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Molybdenum is another trace element (micronutrient or small molecule) required to activate various chemical reactions involved in the body’s excretion of metabolic waste (from cell functioning) and certain drugs. 

Roles

What does molybdenum do? 

Molybdenum plays a role in: 

  • Eliminating uric acid;
  • Ensuring bone growth and strong teeth;
  • Metabolizing iron (antianemic factor);
  • Preventing erectile dysfunction;
  • Preventing esophageal tumors;
  • Preventing cavities.

Needs

The recommended dietary allowance (RDA) for molybdenum is expressed in µg/day. 

Recommended Dietary Allowance (RDA)
Age
µg/Day
Infants
0 to 6 months
2µg*
6 to 12 months
3µg*
Children
1 to 3 years
13µg
4 to 8 years
17µg
Preteens
9 to 13 years
26µg
Teens
14 to 18 years
33µg
Adults
Age 19 and up
34µg
Pregnant women
 
40µg
Nursing mothers
 
36µg

Source: DRI, Dietary Reference Intakes, 2006, p. 356.

*(AI) = Adequate intake for those two age groups.

Sources

The amount of molybdenum in foods of plant origin depends on the composition of the soil in which these foods were grown. Legumes, grain products, and nuts contribute the most to dietary intake of molybdenum. Foods of animal origin, fruits, and most vegetables contain a small amount of molybdenum. 

Food Sources for Molybdenum: 

Animal and vegetal food's origin
20 to 90µg of molybdenum for a 100g portion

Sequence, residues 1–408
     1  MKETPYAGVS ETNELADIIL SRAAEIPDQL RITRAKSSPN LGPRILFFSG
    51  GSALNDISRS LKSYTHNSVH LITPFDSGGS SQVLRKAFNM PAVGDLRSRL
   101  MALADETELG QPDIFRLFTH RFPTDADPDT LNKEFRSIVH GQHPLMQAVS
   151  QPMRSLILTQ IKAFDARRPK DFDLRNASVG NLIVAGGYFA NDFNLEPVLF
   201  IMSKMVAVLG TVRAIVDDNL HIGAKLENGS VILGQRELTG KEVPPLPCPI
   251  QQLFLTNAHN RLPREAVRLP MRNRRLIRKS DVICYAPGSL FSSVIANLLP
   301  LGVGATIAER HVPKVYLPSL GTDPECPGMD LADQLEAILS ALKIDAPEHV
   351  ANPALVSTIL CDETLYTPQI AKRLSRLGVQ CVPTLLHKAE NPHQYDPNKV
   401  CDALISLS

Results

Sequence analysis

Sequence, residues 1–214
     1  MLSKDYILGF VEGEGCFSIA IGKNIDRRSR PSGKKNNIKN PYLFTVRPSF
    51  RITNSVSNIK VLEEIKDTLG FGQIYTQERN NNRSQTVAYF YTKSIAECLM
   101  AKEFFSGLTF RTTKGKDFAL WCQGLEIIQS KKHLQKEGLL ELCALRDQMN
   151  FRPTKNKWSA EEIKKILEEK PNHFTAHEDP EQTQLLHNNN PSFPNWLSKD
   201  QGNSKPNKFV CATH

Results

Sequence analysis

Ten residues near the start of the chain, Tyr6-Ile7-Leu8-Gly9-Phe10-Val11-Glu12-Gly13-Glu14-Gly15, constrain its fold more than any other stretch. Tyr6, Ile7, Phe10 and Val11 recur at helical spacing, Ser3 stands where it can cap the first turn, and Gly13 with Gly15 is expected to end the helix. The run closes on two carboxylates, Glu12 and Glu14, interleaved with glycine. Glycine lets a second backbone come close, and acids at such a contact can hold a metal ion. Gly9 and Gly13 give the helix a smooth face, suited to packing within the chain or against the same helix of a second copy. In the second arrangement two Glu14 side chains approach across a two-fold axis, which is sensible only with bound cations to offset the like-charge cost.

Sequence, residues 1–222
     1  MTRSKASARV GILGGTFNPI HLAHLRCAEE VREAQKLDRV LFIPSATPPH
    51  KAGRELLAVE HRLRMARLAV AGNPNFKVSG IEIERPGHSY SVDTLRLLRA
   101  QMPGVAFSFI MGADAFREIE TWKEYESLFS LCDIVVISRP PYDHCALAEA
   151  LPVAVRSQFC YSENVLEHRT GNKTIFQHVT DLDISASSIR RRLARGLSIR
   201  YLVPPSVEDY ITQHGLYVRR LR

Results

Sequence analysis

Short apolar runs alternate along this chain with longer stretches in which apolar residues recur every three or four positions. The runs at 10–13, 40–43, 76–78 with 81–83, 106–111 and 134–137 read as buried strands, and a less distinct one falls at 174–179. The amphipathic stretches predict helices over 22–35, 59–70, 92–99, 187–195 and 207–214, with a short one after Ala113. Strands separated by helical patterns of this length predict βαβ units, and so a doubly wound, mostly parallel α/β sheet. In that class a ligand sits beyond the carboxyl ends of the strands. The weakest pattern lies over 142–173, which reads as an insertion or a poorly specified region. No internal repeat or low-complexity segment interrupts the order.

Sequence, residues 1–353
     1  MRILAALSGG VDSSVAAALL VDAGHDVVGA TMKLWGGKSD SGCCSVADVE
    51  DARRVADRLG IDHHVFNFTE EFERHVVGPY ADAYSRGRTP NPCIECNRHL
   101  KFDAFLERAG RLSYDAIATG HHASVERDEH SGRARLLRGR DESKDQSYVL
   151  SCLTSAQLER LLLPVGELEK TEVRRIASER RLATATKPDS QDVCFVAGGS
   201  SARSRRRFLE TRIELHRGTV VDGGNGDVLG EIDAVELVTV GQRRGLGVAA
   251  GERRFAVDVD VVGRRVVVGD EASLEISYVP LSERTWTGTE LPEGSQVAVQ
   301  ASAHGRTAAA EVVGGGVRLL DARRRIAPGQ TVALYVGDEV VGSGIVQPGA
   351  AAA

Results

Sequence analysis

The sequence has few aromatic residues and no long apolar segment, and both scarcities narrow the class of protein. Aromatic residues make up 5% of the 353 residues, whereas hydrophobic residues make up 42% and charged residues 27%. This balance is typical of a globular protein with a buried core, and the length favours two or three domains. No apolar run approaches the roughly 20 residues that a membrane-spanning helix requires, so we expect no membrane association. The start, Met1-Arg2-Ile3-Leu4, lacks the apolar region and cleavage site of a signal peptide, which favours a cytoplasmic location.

Breads
Whole grain cereals
Offal
Leafy green vegetables
Legumes
Beans
Garlic
Walnuts
Celariac

Source: Dietary Reference Intakes, 2006, p.359.

Deficiency

  • No molybdenum deficiency has been observed in healthy individuals;
  • A rare deficit may occur in people who receive intravenous feeding.

Signs of molybdenum deficiency: 

  • Palpitations;
  • Headaches;
  • Ocular disease;
  • Mental disorders;
  • Sexual impotence;
  • Gum and tooth disorders;
  • Irritability;
  • Gout.

Indications

Benefits of molybdenum: 

  • Effective against certain types of migraines, by eliminating sulfites (possible);
  • Helps prevent anemia (possible);
  • Helps prevent gout (uncertain).

Adverse effects

Excess molybdenum is only slightly toxic to humans as it is rapidly excreted in the urine. 

Signs of excess molybdenum: 

  • Muscle disorders.

Molybdenum poisoning can be treated with copper, a molybdenum antagonist. 

Cons-indications

  • People presenting copper deficiency or any sort of change in copper metabolism leading to deficiency may be more sensitive to molybdenum poisoning;
  • People suffering from kidney failure.

Additional information

Speak with your pharmacist if you plan to take molybdenum supplements. Your pharmacist can help you choose the solution that’s best for you based on your health and any drugs you take.

Other names

Molybdenum, Mo